Prominent researchers of accountability for clergy sexual abuse called on Pope Francis on Wednesday to release the names of bishops investigated by the Vatican since the implementation of 2019 rules that overhauled how the church responds to abuse accusations.
“The pope has repeatedly said he wants transparency, yet he is leaving the faithful in the dark,” Anne Barrett Doyle, the group’s co-director, told reporters Wednesday. “Survivors and Catholics in the pews not only need this information; they have a right to it.”
In a letter to Francis, the organization urged him to answer “the faithful’s yearning for accountability” by releasing a detailed list of church officials investigated for alleged abuse or for mishandling abuse claims that were brought to them. The rules, implemented in June 2019, devised a way for bishops to help police their own ranks, among other changes, and were the first significant step toward formalizing a process for investigating abuse allegations in the church.
U.S. advocates have pushed for decades for more transparency around sex abuse cases, contending that the church’s steps toward accountability — creating lists of accused clerics, spending millions to implement new child-protection protocols and toughening the Vatican’s punishments for abuse — have not gone far enough. This week, Maryland’s attorney general is expected to release a redacted version of a grand jury report on child sexual abuse in the Archdiocese of Baltimore.
Advocates have particularly criticized a lack of robust accountability for bishops, who typically oversee dioceses. Of the 40 bishops on Bishop Accountability’s list of accused clerics, the group said fewer than half have been disciplined.
Barrett Doyle said her group was releasing a list because the Vatican had not published one. She urged Francis to release not only a full, international accounting of names of investigated bishops, but also the allegations against them and the status of each case.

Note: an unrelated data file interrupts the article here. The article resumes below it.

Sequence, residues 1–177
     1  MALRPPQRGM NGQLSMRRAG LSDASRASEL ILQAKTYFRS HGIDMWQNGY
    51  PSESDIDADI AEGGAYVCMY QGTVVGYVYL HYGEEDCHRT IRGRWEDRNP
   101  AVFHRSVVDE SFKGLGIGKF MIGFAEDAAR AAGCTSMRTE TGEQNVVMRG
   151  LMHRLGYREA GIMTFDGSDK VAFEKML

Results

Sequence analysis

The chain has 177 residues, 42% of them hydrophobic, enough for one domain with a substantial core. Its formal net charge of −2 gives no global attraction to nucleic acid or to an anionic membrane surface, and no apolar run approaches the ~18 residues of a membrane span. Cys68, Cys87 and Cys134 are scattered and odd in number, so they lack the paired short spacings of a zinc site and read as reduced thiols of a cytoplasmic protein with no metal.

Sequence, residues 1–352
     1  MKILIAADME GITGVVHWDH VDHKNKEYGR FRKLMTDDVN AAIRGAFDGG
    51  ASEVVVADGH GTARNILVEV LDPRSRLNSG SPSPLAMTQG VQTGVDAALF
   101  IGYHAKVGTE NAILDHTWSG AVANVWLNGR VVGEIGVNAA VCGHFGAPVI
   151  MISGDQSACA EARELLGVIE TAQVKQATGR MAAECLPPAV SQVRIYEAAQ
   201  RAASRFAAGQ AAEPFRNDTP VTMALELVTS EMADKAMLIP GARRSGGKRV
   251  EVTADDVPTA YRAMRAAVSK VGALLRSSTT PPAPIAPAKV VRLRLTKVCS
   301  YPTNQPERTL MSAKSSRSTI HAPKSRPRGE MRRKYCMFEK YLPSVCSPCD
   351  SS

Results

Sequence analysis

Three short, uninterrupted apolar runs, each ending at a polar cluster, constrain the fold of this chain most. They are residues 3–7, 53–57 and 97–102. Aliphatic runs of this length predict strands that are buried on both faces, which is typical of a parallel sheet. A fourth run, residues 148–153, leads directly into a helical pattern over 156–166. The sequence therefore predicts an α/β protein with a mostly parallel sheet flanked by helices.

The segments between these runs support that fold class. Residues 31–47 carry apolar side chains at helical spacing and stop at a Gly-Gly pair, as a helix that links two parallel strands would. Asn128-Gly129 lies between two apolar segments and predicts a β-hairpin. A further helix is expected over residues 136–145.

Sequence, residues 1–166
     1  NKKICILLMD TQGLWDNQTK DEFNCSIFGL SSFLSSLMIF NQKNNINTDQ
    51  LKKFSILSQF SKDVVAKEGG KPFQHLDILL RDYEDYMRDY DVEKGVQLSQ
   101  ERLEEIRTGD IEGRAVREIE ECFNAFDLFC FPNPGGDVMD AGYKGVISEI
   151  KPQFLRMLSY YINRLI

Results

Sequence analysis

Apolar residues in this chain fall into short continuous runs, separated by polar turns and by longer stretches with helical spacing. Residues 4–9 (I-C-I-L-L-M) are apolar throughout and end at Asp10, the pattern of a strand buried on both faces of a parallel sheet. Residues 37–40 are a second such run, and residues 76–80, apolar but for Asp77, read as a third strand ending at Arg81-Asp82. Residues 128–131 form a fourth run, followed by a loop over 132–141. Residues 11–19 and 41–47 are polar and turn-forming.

“How many complicit bishops are still leading dioceses?” she asked. “How many religious orders are run by credibly accused predators?”
Bishop Accountability’s list included 13 U.S. bishops, all of whose names had been reported previously, who have been accused of committing abuse or of mishandling allegations brought to them. Two — Bishop Joseph Binzer of Cincinnati and Bishop Michael Hoeppner of Crookston, Minn. — resigned, and three have been cleared. The remaining cases are ongoing, or their outcomes are unknown.
Even when U.S. bishops have been penalized, Barrett Doyle said, the consequences have been too light. Binzer resigned in 2020 after failing to report misconduct allegations against a priest in his diocese, but he later became the pastor at two parishes. Hoeppner stepped down in 2021, after an investigation into allegations that he mishandled abuse cases, but was allowed to say a send-off Mass. Neither he nor Binzer lost their titles as bishops.
Francis has not stripped any bishops of their priesthood since he defrocked ex-cardinal Theodore McCarrick, the former archbishop of Washington, in 2019 after credible allegations of sexual misconduct.
Francis has acknowledged in recent months that the church has not solved the abuse crisis. He told the Associated Press in January that the church still needed to be more transparent and that its leaders should talk more about abuse of vulnerable adults.
“It’s what I want,” he said. “And with transparency comes a very nice thing, which is shame. Shame is a grace.”
Francis, perceived as an outsider, inspired tremendous hope for change after assuming the papacy in 2013. A decade later, he has a mixed record on responding to abuse and has at times perpetuated a pattern of secrecy around the topic.
His signature anti-abuse measure, the 2019 law, has failed to have a significant impact, Barrett Doyle said. She criticized Francis for not requiring clerics notified of abuse to report the allegations to civil authorities and contended that the rules were set up to maintain the Vatican’s control over these cases.
“It is self-policing packaged as accountability,” Barrett Doyle said. “It is bishops watching bishops.”